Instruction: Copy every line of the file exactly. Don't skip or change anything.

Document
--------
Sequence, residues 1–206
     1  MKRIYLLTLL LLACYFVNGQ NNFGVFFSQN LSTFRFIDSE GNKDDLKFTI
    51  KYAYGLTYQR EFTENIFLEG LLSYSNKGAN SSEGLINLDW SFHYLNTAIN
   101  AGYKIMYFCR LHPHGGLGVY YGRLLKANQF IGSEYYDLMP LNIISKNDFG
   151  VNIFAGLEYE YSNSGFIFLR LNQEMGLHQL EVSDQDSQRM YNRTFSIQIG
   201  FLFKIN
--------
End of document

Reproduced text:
Sequence, residues 1–206
     1  MKRIYLLTLL LLACYFVNGQ NNFGVFFSQN LSTFRFIDSE GNKDDLKFTI
    51  KYAYGLTYQR EFTENIFLEG LLSYSNKGAN SSEGLINLDW SFHYLNTAIN
   101  AGYKIMYFCR LHPHGGLGVY YGRLLKANQF IGSEYYDLMP LNIISKNDFG
   151  VNIFAGLEYE YSNSGFIFLR LNQEMGLHQL EVSDQDSQRM YNRTFSIQIG
   201  FLFKIN